# 1948

## Quantum electrodynamics

## The book of science

Tom Sharp

Tom Sharp

Hans Bethe, Julian Schwinger, Shin'ichirō Tomonaga, Freeman Dyson, Richard Feynman quantum mechanics |

- Electrically charged particles
- move, interact, emit and absorb
- photons, create force fields,
- act like waves, act like particles,
- within certain probabilities
- consistent with special relativity.
- Now these behaviors can be
- described, formulated, renormalized,
- quantified with extreme precision,
- and illustrated with Feynman diagrams.

- Every alternative happens at once,
- every state superimposed in time, so
- to calculate the probability of an electron
- moving from here to there, one would need
- to consider all paths including intermediate
- events, which is impractical; however,
- virtual particles in closed loops return
- particles to their real states, so we can
- cut the Gordian knot. Increasingly
- complicated calculations eventually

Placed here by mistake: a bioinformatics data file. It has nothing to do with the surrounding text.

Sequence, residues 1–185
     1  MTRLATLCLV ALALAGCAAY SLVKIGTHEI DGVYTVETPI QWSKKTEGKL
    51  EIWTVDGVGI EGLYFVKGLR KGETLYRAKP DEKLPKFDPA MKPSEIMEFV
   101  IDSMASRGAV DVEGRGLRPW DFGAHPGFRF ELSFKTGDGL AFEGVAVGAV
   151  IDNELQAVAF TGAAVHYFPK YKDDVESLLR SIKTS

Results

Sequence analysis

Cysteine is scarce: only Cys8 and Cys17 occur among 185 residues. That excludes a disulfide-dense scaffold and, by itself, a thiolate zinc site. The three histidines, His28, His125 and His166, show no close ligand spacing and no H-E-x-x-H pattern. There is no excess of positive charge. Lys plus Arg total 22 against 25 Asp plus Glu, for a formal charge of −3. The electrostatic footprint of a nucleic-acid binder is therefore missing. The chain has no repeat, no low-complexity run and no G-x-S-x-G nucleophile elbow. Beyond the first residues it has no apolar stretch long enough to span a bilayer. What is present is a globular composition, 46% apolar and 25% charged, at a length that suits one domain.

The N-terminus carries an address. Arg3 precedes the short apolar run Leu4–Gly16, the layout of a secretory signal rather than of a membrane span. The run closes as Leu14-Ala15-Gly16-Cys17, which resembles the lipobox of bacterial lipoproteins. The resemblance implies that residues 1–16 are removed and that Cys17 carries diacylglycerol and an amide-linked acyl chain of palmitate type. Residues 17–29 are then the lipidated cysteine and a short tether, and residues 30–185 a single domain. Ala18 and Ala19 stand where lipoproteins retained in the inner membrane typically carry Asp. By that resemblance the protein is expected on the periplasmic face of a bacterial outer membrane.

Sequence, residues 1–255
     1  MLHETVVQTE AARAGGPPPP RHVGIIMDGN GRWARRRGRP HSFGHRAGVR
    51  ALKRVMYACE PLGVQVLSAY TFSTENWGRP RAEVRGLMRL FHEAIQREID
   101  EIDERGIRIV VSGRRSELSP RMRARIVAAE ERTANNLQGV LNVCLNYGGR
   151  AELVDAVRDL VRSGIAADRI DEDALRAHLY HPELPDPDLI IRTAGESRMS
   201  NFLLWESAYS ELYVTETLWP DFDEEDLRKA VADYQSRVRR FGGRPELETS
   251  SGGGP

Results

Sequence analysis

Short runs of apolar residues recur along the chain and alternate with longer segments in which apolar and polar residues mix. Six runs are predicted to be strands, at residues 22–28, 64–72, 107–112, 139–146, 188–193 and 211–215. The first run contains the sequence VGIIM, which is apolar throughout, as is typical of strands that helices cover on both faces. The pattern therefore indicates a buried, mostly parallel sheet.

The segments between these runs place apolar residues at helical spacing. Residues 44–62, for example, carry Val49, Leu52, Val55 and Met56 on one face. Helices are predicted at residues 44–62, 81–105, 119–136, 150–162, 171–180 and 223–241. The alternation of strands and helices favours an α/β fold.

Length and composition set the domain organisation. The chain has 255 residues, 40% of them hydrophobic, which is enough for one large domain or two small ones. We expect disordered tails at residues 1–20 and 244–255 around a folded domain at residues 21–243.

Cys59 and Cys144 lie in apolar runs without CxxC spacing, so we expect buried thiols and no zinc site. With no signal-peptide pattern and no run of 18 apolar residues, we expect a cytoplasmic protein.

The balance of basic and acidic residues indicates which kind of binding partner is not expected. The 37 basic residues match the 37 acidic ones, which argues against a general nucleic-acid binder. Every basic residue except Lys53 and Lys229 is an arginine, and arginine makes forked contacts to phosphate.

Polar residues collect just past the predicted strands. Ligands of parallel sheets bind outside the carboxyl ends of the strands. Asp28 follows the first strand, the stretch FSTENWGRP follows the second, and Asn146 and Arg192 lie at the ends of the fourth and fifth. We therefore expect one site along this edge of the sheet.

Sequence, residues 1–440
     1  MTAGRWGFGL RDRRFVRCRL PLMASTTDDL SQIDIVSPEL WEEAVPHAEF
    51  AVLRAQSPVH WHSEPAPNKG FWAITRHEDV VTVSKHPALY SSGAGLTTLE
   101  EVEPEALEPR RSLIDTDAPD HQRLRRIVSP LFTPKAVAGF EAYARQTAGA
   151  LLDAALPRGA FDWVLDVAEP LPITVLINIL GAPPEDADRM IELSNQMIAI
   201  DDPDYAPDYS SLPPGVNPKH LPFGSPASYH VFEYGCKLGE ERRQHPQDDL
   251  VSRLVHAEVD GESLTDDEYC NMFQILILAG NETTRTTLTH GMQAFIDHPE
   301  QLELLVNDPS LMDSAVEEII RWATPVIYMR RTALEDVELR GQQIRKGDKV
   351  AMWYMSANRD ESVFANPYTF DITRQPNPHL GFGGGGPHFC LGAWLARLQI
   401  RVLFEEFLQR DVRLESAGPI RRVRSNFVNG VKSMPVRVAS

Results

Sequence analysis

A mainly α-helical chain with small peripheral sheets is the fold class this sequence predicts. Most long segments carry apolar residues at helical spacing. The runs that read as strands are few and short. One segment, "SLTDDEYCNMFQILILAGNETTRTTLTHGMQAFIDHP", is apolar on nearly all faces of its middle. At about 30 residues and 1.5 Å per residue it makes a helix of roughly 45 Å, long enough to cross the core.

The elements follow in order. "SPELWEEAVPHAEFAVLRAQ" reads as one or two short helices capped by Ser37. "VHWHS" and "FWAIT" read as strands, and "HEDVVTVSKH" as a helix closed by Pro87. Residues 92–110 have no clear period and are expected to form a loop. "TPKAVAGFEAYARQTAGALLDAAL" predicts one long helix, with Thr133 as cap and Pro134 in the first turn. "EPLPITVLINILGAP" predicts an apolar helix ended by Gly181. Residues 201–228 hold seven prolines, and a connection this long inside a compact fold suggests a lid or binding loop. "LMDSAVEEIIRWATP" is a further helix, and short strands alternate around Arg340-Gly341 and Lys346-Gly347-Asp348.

- increasingly diminish in importance.

- Does any
- virtual particle
- escape to
- become actual?
- Hopes come true;
- dreams awaken;
- silliness
- persists.
- Many agree
- God has a sense
- of humor, like
- a zen potter
- who deliberately
- adds a flaw.
- Fun to tease
- these things out.

A Feynman diagram does not show how a particle moves from one point to another; the particle’s path, speed, dimensionality, and nature are still mysteries, although quantum electrodynamic theory describes the probabilities that it undergoes events, such as when an electron absorbs or emits a photon, or when a quark-antiquark pair radiates a gluon. Quantum electrodynamics is a part of quantum field theory; a field is a function that assigns a value for each point in a space (of some kind).

See also in

The book of science:Electromagnetism—Hans Christian Ørsted, André-Marie Ampère, Michael FaradayMaxwell’s equations—James Clerk MaxwellQuanta—Max Planck, Albert EinsteinSpecial relativity—Albert EinsteinAtom—Ernest Rutherford, Niels BohrWave-particle duality—Werner Heisenberg, Louis de Broglie, Erwin SchrödingerQuasiparticles—Felix Bloch, Yakov Frenkel, Paul Dirac, Igor Tamm, Lev Landau, Ettore Majorana, Lars Onsager, Kirill Tolpygo, David Pines, David Bohm, Leon Cooper, Tony Skyrme, Robert B. Laughlin, Horst Ludwig Störmer, Daniel Tsui, Shin'ichirō Tomonaga, Joaquin Mazdak Luttinger, Jeroen van den Brink, Daniel I. Khomskii, George SawatzkyAntimatter—Paul Dirac, Carl David AndersonNuclear fission—Otto Hahn, Fritz Strassmann, Lise Meitner, Otto Robert Frisch, Rudolf Peierls, Enrico FermiFeynman diagram—Richard FeynmanParity violation—Tsung-Dao Lee, Chen-Ning YangReadings on wikipedia: